Investing: My portfolio (as at 13 Feb 18)

Okay, so in the previous few posts, I have been talking about various aspects of investing. I have touched on how to choose your counters, how to save money to invest, my personal investment goals and now, I will share what I have in my portfolio that is generating passive income. Here are the counters that I have put my real money into:

  1. Suntec Reit
  2. CapitaLand Mall Trust
  3. Starhill Global Reit
  4. Duty Free International
  5. Thai Beverage
  6. Sheng Siong

Suntec Reit

This is one of the first few counters that I invested in since 2013. This counter so far has been a winner for me as I have collected about $3,900 of dividends since 2013. There has been a recent price gain of 45% last month January before the price dropped from its peak. Suntec Reit is an office and retail real estate investment trust which derives its rent revenue from its office and retail tenants in the town area of Singapore. I was lucky to buy this counter at its trough before the capital appreciation. I don’t intend to sell it anytime soon unless its fundamentals change for the worse. So far, so good. If you are interested in Suntec Reit, visit its website here.

CapitaLand Mall Trust

A recent addition to my portfolio of Reits in the middle of last year 2017, CapitaLand Mall Trust has been generating dividend income of about $300 for me since 2017. I also bought it near the 52-week low before the share price appreciation from last year June to this year Jan. It is a real estate investment trust getting its rental income from retail shopping malls all over Singapore. I know for some of you may be thinking that e-commerce is going to be a close substitute for the shops in Singapore (and hence pose a challenge for retail Reits like CapitaLand Mall), but I believe there are some sectors like supermarkets that can never feel complete when done online. The counter seems good so far. If you are interested in CapitaLand Mall Trust, you can go to their site here.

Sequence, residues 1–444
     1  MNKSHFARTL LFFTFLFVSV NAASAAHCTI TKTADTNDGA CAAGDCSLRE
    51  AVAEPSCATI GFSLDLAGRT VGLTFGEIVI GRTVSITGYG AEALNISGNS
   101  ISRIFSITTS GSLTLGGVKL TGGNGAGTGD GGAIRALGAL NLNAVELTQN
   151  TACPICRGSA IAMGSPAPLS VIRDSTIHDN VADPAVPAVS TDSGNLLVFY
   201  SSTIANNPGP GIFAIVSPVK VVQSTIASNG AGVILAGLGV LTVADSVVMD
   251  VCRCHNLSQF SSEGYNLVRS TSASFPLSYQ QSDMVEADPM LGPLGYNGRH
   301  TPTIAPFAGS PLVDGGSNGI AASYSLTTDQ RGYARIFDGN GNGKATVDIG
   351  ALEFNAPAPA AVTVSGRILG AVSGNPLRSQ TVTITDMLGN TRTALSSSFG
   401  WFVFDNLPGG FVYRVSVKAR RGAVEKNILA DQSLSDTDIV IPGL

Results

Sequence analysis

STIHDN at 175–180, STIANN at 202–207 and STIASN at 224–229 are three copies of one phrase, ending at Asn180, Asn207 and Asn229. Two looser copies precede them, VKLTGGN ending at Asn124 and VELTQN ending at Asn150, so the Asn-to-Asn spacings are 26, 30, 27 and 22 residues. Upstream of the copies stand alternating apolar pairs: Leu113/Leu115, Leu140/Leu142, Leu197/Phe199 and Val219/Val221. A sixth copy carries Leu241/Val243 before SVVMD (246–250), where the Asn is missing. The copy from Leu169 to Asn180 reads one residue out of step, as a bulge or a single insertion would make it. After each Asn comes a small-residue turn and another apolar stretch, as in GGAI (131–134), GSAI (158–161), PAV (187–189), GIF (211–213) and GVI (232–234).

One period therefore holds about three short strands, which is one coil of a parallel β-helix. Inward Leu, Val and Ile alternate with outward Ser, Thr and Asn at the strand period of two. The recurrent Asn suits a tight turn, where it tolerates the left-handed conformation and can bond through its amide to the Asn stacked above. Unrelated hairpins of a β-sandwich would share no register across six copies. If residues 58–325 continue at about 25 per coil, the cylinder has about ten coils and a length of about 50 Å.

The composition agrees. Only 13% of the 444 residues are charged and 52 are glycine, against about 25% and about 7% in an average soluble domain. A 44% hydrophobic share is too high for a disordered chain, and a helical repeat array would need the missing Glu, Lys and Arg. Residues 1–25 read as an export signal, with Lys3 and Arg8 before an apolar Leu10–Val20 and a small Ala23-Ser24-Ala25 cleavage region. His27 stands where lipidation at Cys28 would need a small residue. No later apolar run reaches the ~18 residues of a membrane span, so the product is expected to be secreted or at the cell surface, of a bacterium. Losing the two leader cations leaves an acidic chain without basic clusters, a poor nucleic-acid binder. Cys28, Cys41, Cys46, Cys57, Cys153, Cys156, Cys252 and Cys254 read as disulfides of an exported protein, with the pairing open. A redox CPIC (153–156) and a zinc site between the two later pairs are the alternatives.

Starhill Global Reit

Also one of the first few Reits that I bought since 2013, the counter doesn’t seem to be doing too well at the moment. I have received about $1,300 of dividends from 2013 onwards. Despite suffering an unrealized capital loss at this time of writing, my return of investment is still positive after factoring the dividends I got throughout the years. The Reit derives its income from retail and office tenants in Singapore and overseas. The relatively poor fundamentals of this Reit right now means the counter is trading at a discount to its book value. “A possible value buy?” you may ask. My opinion is to accumulate some, but not a lot. Always do your homework before buying a counter. I am not responsible for any financial loss you make in your investments. If you are still keen on Starhill Global Reit, the website is here.

Duty Free International

I bought this counter when it is trading near its 52-week low in last month Jan. Its business is about speciality retail in Malaysia. Right now, as the STI declined to a year-to-date performance of -0.75% this month Feb, I am experiencing an unrealized loss. One of the key risk of Duty Free International is currency risk. For 3Q2018, there is a foreign exchange loss of RM 7.5 million compared to a net gain of RM 9.6 million in 3Q2017. It is not doing too well at the moment too. It has an enticing dividend yield of 9.8% at this time of writing. Its website is here.

Thai Beverage

I bought this stock last month Jan as well. Its business deals with the sale of alcoholic and non-alcoholic drinks. I believe it is a defensive stock as some drinkers are addicted to alcohol and won’t give up their bad habits so easily even when there is a recession. The price has dropped from last month and I will be holding it for the long term. There is no plans for me to sell it right now despite the unrealized capital loss. I didn’t allocate too much of my funds to this counter. Thai Beverage has been steadily increasing its dividends since 2006. It is only one of the financial years, 2016, that it decreased marginally. Other than that, it seems to do just fine. For more infomation, you can visit its corporate site here.

Sheng Siong

Sheng Siong is a third largest chain of supermarkets in Singapore. I also bought this stock during last month Jan too. I also believe that it is a defensive stock as people may cut down on restaurant spending during a recession, but they most likely won’t cut down on grocery shopping. Simply because everybody needs to eat regardless of a recession or not. I am also experiencing an unrealized capital loss at this time of writing but not to worry, I didn’t put too much of my capital in this stock. At this time of writing, Sheng Siong’s website is down so I can’t include the link for you guys to check it out if you are keen.

So that’s my investment portfolio as of now. As of first quarter of 2018, I am going to receive a total dividend income of $809.90. That’s about $269.97 of passive income per month on average. It’s a small amount I must admit but I don’t use my dividends. I let it accumulate over time and invest when the right time comes. Over  time, my passive income will slowly grow.

What counters are you currently invested in as of now? If you are comfortable, you can share your experience in the comments section below now!

4 thoughts on “Investing: My portfolio (as at 13 Feb 18)

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